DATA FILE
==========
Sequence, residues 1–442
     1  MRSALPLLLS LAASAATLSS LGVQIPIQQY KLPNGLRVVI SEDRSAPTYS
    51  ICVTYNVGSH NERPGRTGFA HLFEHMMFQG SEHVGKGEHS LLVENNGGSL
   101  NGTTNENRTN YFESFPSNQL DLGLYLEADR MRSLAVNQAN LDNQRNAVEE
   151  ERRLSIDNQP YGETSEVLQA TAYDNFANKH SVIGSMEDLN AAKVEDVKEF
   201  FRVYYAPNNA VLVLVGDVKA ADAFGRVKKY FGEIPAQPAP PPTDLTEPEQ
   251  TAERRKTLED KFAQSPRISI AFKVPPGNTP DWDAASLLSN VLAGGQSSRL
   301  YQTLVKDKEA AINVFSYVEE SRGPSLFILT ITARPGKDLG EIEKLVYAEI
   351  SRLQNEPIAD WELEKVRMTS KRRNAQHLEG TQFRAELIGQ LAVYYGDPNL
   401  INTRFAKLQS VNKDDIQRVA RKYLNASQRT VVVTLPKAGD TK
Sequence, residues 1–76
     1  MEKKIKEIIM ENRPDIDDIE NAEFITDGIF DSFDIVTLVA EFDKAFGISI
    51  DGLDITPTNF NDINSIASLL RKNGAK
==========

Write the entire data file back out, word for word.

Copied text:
Sequence, residues 1–442
     1  MRSALPLLLS LAASAATLSS LGVQIPIQQY KLPNGLRVVI SEDRSAPTYS
    51  ICVTYNVGSH NERPGRTGFA HLFEHMMFQG SEHVGKGEHS LLVENNGGSL
   101  NGTTNENRTN YFESFPSNQL DLGLYLEADR MRSLAVNQAN LDNQRNAVEE
   151  ERRLSIDNQP YGETSEVLQA TAYDNFANKH SVIGSMEDLN AAKVEDVKEF
   201  FRVYYAPNNA VLVLVGDVKA ADAFGRVKKY FGEIPAQPAP PPTDLTEPEQ
   251  TAERRKTLED KFAQSPRISI AFKVPPGNTP DWDAASLLSN VLAGGQSSRL
   301  YQTLVKDKEA AINVFSYVEE SRGPSLFILT ITARPGKDLG EIEKLVYAEI
   351  SRLQNEPIAD WELEKVRMTS KRRNAQHLEG TQFRAELIGQ LAVYYGDPNL
   401  INTRFAKLQS VNKDDIQRVA RKYLNASQRT VVVTLPKAGD TK
Sequence, residues 1–76
     1  MEKKIKEIIM ENRPDIDDIE NAEFITDGIF DSFDIVTLVA EFDKAFGISI
    51  DGLDITPTNF NDINSIASLL RKNGAK